Can I sue a New Jersey property owner for my injuries?

Whether or not you have a premises liability case in New Jersey will depend on your right to be on the property.

Consider three situations: A New Jersey woman walks into a store, looking for a new kitchen table. While browsing, she slips on a puddle, striking her head on the floor and suffering a serious injury.

In another situation, a man breaks into a building at night. He attempts to climb stairs that have fallen into disrepair, and he falls, breaking several bones and requiring surgery.

In the last situation, a woman goes to a bar, where she drinks heavily for hours. She trips over a wire that was clearly marked and severely injures herself.

It may be possible for some of these people to hold the building owner responsible for damages. Much of New Jersey's premises liability law hinges on whether or not the injured party had a right to be on the property and the degree to which the party is responsible for his or her injuries.

Trespasser, licensee or invitee

In lawsuits citing premises liability, the injured party will be considered one of the following:

  • Invitee: Someone specifically invited onto the property, like a customer in a store.
  • Licensee: Someone who is on the property with the owner's consent, such as someone there to make repairs.
  • Trespasser: Someone who is on the property without the right to be.

In New Jersey, landowners typically do not have a duty of care to trespassers. However, if the trespasser is a child, there may be increased liability. For example, if the property owner knows or should know that children may enter the property and there is a dangerous condition, it is possible that the owner could be held responsible.

Dangerous conditions

The condition in question must meet certain requirements in order to establish that the property owner was in some way negligent. The law states that, when it comes to public property, the condition must have created a risk that the owner did know or should have known about. Further, the condition must have been a result of either the owner's unreasonable action or inaction.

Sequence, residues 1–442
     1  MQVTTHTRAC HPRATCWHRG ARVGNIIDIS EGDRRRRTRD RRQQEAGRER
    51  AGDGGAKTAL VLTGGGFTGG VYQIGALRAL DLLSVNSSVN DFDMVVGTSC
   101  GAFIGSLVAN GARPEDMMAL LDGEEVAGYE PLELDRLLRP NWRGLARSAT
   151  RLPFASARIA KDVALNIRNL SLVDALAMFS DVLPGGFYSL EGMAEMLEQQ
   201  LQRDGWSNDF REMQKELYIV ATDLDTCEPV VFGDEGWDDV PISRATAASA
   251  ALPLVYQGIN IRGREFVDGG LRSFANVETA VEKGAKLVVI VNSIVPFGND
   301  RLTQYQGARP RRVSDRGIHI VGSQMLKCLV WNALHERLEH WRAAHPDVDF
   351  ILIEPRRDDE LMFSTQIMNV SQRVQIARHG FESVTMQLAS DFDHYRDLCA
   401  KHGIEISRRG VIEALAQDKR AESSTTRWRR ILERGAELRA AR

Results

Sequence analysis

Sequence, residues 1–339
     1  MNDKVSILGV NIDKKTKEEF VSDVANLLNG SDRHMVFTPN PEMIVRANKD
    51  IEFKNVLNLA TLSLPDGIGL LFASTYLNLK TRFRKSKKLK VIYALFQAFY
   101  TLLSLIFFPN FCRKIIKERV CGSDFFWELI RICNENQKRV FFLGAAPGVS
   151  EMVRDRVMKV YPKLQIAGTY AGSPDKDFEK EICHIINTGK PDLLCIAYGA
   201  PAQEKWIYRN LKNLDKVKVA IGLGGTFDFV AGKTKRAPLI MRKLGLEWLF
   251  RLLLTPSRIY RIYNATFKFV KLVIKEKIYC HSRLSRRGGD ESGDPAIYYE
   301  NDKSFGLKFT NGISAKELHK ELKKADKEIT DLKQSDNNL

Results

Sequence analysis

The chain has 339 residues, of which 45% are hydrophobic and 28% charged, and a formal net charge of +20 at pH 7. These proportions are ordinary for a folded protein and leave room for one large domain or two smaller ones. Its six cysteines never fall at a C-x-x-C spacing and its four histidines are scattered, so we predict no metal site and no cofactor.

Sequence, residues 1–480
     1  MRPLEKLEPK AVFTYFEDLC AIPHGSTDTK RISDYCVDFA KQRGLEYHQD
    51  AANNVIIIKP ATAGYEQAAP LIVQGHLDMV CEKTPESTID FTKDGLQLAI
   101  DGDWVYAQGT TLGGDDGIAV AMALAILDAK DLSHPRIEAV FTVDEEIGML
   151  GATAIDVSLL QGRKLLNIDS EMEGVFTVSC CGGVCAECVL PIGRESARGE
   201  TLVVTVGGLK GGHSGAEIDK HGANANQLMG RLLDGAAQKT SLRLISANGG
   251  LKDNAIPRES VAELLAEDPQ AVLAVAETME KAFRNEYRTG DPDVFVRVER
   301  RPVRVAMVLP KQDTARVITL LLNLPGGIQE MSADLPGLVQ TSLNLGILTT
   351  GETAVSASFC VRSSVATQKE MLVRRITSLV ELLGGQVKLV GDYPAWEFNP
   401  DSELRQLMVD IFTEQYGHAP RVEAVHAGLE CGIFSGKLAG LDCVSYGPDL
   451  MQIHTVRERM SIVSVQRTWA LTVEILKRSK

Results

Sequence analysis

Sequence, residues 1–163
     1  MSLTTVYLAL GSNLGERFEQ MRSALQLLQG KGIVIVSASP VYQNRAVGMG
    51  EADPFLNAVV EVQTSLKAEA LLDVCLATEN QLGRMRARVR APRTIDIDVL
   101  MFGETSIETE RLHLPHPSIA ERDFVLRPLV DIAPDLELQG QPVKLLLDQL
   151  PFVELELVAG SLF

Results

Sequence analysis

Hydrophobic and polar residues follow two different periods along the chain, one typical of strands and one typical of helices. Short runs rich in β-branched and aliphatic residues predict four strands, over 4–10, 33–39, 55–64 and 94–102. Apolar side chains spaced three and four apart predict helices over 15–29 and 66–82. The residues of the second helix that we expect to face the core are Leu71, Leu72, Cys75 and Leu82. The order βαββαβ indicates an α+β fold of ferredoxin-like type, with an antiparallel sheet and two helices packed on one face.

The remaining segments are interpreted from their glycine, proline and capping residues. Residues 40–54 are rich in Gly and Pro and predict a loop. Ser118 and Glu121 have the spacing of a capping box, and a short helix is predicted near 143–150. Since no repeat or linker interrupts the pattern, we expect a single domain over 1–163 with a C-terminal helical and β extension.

Comparative negligence

Another factor that will determine the viability of a lawsuit is to what degree the injured party is responsible for his or her damages. As FindLaw points out, New Jersey employs a contributory negligence model, which means victims can only recover compensation if they are less responsible for an incident than the defendant. Further, someone's award could be diminished based on the percent to which he or she is responsible.

In the case mentioned above in which the woman was drinking, a jury could find that she was partially to blame for her injuries because she was too drunk to notice the wire. Her award could then be deducted by that percentage.

Statute of limitations

Someone who is injured on someone else's property and wishes to file a lawsuit must do so within two years of the incident. New Jersey law clearly states that claims involving injury to a person must be initiated within two years, or the case may be dismissed.

People who have questions about this topic should speak with a personal injury attorney in New Jersey.